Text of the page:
Yesterday’s Papers
In terms of print magazines, no one comes more established than Mixmag. It is the world’s longest running print magazine dedicated to electronic dance music. Having initially launched in 1983 the magazine is still going strong with a global circulation of around 20,000 copies. It also claims, to have coined the terms, ‘trip-hop’ and ‘superclub’.

To help us understand Mixmag’s relevance and longevity we spoke to the magazine’s Deputy Editor, Duncan Dick. “Music journalism is like music,” he explains, “and people don't want to pay for music anymore.” The magazine, he tells me, has managed to survive for over three decades by adapting to the market, remoulding itself into one of “dance music’s leading brands,” with the magazine spearheading the now, multifaceted organisation. “Just running a magazine now isn't a profitable business but we've innovated over the last few years to the extent that we're one of the leading websites and our digital advertising is really strong, which helps fund the company and the magazine.”- Duncan Dick. Mixmag.

The magazine was originally part of EMAP publishing, which after a few dubious acquisitions in the late 90s, began to fall under hard times. At this point the magazine was sold to Development Hell, who Duncan describes as “dedicated magazine people.” Mixmag’s new lease of life allowed it to change editorial direction, taking on a more global and comprehensive outlook. “We're very flexible and we can respond to the market and are lucky we've got someone who has a lot of faith in us and in quality journalism. Our publisher actually reads the magazine cover to cover. Its more than just facts and figures to them.”

Having a strong publisher to support you as well as an innovative business strategy will keep you in the game, but how has this affected Mixmag’s editorial quality? Through these product differentiation strategies, Mixmag has freed itself up, allowing it to specialize on specific subject matters in the magazine. Each month, the magazine publishes a 10-page centre-spread feature on their cover artist, who in turn, mixes their giveaway-CD. “It's very exciting for me to work every month very closely with DJs,” Duncan explains. “They choose the subjects they want to write about, they maybe interview one of their heroes or talk about one of the strange passions they've got, which I think really keeps the magazine interesting and alive.”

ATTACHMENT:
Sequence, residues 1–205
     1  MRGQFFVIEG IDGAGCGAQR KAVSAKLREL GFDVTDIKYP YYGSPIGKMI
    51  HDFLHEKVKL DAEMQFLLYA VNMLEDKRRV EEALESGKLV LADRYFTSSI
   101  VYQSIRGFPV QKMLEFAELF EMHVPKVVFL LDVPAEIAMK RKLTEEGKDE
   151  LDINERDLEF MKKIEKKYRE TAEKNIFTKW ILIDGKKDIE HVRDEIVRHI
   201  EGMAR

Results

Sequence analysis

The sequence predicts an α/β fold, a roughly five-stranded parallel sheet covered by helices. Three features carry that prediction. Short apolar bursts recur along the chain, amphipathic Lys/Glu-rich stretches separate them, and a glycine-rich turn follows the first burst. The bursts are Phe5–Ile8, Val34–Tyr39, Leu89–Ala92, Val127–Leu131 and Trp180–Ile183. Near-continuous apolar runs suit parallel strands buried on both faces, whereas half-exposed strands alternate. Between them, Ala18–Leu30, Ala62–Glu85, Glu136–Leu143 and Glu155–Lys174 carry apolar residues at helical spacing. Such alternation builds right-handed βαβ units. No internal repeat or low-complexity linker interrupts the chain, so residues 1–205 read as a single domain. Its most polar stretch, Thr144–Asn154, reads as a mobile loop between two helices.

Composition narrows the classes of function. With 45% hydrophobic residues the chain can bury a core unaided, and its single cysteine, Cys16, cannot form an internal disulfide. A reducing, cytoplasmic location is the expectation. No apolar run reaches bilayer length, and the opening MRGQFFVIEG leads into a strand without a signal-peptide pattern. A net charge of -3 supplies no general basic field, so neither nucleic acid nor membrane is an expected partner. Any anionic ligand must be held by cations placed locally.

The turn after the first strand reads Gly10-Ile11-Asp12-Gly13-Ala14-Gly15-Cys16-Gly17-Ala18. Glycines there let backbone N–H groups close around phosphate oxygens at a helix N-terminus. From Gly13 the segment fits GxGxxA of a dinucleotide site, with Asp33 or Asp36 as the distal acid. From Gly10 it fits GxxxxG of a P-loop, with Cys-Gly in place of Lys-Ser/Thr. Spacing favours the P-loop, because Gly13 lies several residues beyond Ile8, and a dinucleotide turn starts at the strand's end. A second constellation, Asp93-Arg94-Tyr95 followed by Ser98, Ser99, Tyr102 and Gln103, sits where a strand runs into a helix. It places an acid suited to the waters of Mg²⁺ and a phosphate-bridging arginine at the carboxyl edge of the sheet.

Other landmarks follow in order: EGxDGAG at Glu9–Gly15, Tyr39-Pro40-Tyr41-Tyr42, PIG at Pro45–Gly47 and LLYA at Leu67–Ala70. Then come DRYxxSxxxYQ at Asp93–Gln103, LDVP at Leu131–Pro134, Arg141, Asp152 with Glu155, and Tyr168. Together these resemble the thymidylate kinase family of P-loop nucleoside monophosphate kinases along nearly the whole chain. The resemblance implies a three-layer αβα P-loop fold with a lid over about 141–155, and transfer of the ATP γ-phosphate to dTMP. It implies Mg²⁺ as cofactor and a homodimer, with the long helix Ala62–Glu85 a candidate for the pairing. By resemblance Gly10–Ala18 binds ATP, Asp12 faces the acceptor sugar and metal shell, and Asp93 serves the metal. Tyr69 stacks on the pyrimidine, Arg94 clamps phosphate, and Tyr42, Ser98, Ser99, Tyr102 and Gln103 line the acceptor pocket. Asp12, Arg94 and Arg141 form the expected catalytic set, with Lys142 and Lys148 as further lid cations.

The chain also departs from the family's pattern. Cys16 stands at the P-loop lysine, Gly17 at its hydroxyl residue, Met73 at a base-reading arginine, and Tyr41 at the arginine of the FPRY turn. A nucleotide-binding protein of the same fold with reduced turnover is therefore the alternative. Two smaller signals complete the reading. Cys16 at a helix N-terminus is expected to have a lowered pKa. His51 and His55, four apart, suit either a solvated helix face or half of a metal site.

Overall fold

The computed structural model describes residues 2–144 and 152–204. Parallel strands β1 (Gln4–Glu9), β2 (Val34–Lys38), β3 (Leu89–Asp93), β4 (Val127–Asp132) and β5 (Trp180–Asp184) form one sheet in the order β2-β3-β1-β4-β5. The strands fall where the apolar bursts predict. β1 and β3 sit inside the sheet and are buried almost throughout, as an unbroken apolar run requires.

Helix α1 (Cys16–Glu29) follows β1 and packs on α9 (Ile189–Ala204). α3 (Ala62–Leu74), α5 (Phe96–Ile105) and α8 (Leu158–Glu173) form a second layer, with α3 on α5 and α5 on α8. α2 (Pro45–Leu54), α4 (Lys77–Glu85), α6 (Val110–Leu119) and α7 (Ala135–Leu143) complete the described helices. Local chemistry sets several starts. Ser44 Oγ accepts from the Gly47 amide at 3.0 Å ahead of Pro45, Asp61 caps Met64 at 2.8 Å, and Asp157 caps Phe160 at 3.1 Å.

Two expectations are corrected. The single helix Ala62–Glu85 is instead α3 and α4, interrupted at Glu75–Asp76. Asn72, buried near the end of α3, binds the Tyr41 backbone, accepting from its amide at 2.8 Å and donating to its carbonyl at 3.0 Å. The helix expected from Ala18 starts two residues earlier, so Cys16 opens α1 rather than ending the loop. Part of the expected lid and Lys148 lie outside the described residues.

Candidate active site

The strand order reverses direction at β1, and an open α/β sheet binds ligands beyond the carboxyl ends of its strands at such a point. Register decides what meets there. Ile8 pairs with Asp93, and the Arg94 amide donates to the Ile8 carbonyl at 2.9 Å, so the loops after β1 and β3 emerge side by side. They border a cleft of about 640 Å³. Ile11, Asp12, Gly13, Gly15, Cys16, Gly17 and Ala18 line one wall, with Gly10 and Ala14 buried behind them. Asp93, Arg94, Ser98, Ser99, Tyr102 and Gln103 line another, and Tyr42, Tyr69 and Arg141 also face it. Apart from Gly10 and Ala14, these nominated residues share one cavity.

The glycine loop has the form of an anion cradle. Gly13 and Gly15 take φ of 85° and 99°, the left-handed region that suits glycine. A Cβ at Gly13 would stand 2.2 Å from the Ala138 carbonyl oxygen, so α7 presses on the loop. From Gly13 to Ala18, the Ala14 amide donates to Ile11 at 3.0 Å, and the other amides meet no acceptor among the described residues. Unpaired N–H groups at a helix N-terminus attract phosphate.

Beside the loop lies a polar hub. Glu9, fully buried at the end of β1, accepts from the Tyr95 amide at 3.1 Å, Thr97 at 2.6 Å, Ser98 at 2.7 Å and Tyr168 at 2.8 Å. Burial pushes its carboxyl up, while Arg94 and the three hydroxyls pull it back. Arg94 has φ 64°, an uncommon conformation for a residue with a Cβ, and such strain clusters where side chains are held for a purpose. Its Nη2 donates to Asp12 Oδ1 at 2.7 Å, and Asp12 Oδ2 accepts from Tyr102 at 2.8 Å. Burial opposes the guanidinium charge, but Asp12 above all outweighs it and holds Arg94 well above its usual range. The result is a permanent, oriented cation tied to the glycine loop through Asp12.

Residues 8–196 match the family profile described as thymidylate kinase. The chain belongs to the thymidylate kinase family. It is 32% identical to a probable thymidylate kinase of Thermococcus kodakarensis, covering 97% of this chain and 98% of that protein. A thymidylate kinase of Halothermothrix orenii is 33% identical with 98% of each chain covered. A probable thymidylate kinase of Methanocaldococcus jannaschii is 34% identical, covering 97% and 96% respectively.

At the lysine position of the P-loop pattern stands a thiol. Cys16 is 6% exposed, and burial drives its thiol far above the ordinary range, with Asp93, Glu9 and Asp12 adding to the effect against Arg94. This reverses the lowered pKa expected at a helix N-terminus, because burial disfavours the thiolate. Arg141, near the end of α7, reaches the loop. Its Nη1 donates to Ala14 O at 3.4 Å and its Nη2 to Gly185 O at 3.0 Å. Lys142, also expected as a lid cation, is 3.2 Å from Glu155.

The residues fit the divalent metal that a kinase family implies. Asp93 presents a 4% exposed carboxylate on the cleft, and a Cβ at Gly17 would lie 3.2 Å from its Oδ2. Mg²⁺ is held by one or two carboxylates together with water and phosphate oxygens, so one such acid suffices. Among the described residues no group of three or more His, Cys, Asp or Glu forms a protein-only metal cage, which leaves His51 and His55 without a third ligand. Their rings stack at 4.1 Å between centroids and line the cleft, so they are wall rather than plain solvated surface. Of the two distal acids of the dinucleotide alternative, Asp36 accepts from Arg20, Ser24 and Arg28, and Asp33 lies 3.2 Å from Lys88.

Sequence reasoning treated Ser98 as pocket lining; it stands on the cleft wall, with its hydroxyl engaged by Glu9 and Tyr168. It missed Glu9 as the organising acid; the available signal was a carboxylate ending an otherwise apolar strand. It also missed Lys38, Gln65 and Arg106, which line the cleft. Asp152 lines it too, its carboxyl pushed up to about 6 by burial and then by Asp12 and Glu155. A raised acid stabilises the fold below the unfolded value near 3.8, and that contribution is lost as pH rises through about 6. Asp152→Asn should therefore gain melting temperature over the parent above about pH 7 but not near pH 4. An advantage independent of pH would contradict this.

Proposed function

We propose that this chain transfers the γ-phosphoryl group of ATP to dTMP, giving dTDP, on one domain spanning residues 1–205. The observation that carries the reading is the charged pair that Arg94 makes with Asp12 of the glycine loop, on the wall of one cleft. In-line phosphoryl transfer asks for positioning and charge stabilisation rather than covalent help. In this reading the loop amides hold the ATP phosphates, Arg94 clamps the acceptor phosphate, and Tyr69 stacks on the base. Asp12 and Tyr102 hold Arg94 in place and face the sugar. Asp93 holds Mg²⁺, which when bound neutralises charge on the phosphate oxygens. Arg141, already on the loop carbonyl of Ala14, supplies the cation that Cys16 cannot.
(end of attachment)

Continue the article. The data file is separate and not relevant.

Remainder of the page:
"...If you have the cart leading the horse,
you're just becoming cynical and people
can sense that and then you
lose your longevity...”

For Duncan and his team, this focus on quality journalism is key to the magazine’s survival. With a lot of editorial now existing online there is an ease of succumbing to clickbait material, however, he believes that the move to an online platform has given his editors a greater degree of “media freedom.” All of this depends on ensuring that they work with the right brands in order to monetized their work; ensuring that there is a passion behind the stories and that there is no conflict between artistic and advertorial roles.

“You have to have the horse leading the cart,” he explains, “if you have the cart leading the horse then it becomes obvious and you're just becoming cynical and I think people can sense that and then you lose your longevity.”

Going Digital
One of the biggest catalysts behind the shift into online music editorial was Resident Advisor. Originally launched in 2001 as an Australian focused online magazine, the website is now considered by many to be the leading editorial hub for electronic dance music, with a reported two million users visiting the site per month. We spoke to the site’s current chief-editor Ryan Keeling about its role in today’s editorial climate.

"...We placed the hedonism in the
background, and foregrounded
the music on pure sonic terms...”

“What you’ve really got to do is look at the kind of music journalism landscape when RA started coming into prominence,” Ryan details. “We were doing things at a time when there weren’t things like that out there, with the podcasts being an example. Print was still the medium through which people were getting their information, but the balance was tipping to an ‘exclusive internet world.’”

During RA’s rise to prominence, many print mags disappeared from our shelves. Those that went online were forced to alter their editorial strategies, as the internet was going to change the way the user interacted with content forever.- RA 'Fastforward' with Seven Davis Jr.

“What you had, was a conversation that was being led by the UK dance press; the Mixmags, DJMags, Ministry mags, Jockey Sluts – up until the mid 2000s.  What RA offered was an alternative. A slightly more considered, and I’m hesitating to use the word intelligent; something a little more specific to the music than the club culture at large.”